Cryptocurrencies Make Their Way Into Moscow Stock Exchange
The Moscow Stock Exchange will soon start accepting trading in the cryptocurrency Bitcoin against paper currency. Russia would become the first stock exchange to do so.
The new proposition to include Bitcoin trading in the Moscow Stock Exchange would make Russia the first country that does so. While the move has not been made yet, the signs are all there, and the preparations to get it done are underway. If you are a qualified investor, meaning you have more than six million rubles in personal assets or more than 200 million rubles if yours is an investment firm, then you can trade in Bitcoins in the Moscow Stock Exchange.
The move comes as a complete turnaround to the country’s stand on cryptocurrency just a year ago. While the Russian government was quite against Bitcoin and its usage and was seeking to make it illegal, they have now identified the popularity of the cryptocurrency and are looking to embrace it. This is partly due to the popularity among Russian users and the lobbying effort of Russian regulators.
The country has a large group of cryptocurrency developers. There are many cases of computer wizards born in Russia and living abroad who are into cryptocurrencies. Vitalik Buterin, the founder of Ethereum, is one such individual. He met with Vladimir Putin in June this year to discuss the prospect of incorporating cryptocurrencies. The meeting resulted in a growing number of people in the Russian administrative and legal sector keen to adopt cryptocurrencies.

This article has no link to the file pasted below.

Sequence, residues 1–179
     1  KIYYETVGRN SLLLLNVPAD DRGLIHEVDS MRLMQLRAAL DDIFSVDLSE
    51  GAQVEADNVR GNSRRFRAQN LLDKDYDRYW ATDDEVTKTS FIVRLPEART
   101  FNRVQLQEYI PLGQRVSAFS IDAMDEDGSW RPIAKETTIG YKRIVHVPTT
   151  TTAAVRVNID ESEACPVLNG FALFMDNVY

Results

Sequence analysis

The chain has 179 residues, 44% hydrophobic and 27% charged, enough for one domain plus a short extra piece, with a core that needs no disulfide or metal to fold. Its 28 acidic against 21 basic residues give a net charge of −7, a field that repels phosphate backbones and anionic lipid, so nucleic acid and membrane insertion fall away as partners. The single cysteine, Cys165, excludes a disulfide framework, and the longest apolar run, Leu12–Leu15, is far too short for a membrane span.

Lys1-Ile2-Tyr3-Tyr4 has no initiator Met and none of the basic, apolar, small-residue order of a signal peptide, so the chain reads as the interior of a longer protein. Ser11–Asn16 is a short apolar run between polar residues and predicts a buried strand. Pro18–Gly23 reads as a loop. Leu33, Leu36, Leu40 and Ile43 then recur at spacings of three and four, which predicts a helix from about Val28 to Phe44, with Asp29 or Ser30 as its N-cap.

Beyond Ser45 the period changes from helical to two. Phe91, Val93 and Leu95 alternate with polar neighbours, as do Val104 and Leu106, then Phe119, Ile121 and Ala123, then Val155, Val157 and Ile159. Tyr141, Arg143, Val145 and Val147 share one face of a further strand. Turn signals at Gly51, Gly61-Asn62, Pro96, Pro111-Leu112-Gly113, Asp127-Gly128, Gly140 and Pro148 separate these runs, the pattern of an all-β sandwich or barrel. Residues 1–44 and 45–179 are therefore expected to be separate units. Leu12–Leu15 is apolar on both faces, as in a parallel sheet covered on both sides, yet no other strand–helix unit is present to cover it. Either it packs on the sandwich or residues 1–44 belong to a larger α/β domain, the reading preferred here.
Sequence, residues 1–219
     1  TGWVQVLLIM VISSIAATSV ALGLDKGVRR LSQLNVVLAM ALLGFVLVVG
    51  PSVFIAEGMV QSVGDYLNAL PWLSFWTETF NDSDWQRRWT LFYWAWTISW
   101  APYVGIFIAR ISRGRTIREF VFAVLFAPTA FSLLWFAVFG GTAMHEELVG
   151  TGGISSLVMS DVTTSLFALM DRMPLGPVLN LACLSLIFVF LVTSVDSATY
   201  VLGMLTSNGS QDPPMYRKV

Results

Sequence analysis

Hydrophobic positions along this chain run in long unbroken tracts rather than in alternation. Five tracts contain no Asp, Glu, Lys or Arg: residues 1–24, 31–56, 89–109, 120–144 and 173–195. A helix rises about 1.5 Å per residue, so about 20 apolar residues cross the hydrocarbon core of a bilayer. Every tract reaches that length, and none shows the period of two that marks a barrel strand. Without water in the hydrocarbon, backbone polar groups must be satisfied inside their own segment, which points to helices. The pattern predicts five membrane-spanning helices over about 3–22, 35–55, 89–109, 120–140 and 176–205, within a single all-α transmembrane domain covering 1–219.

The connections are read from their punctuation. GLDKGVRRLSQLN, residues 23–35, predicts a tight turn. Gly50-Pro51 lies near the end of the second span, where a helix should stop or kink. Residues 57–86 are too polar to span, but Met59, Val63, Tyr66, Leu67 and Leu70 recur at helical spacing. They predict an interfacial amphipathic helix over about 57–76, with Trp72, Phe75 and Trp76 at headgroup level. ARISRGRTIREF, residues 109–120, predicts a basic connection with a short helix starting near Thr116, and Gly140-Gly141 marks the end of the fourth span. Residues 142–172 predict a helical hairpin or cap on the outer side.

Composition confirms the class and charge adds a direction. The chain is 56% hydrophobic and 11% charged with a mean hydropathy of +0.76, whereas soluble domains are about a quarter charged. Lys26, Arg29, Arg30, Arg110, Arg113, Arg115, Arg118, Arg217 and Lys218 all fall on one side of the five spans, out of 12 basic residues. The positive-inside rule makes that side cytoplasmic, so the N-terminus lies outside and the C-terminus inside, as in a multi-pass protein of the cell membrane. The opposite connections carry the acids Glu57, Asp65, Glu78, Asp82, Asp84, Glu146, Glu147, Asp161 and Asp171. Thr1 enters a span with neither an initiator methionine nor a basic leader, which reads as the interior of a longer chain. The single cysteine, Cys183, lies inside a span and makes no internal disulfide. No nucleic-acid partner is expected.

Before the country goes through with this move, it is doing research and creating a framework that will protect investors from money laundering. Since Bitcoin, like most cryptocurrencies, is a completely decentralized service that thrives on anonymity and has a largely volatile nature when it comes to stock value, the assets of investors need to be secured against its pitfalls. For starters, the Moscow Stock Exchange’s central depository NSD is developing a blockchain platform for settlement services for these digital assets. This will result in the NSD issuing cryptocurrency and crypto-wallets for pension funds, banks, and retail investors. These assets could then also be exchanged for paper currencies when the platform is launched next year.
Legal and Technological protection of the investors and other parties needs to be taken into consideration, which is why the Russian government is making all efforts in getting to grips with cryptocurrencies. The decentralized nature of Bitcoin is a stumbling block as of now, and if the Russian government is to incorporate it in the Moscow Stock Exchange, it needs to put certain regulations on its usage. This has some of the cryptocurrency enthusiasts in a bind since they feel it will hamper the way the trade in that currency once the government tries to legalize and regulate it. But there’s an equal number of enthusiasts who believe that trading directly in the market could be to their benefit, as well as to the benefit of new investors.
There has been quite a lot of speculation regarding the reason for this sudden turnaround in the Russian government’s stand against Bitcoin. One reason that people give for this is Russia’s tussle with Washington. To ensure that the world doesn’t move towards a state where the Dollar becomes the one governing currency, making the entire world’s transactions directly under Washington. Adopting Bitcoin will definitely prevent this from happening since the entire world’s digital currency holders could try and get in on the act. This will no doubt lead to an inflation similar to the one caused by the dot-com boom of the 1990s.
The second reason that people give for this move is that Putin wants to be a modern-day man and adopt Bitcoin. Why? Because that’s what his opposition party has been doing for a while. Much of the opposition party’s funding has come in the form of Bitcoins, and Putin, afraid that his previous stand on the currency would create a bad image, wants to make amends before next year’s elections. While his party doesn’t have much of a threat, there’s no saying whether this move is to ensure that it remains that way.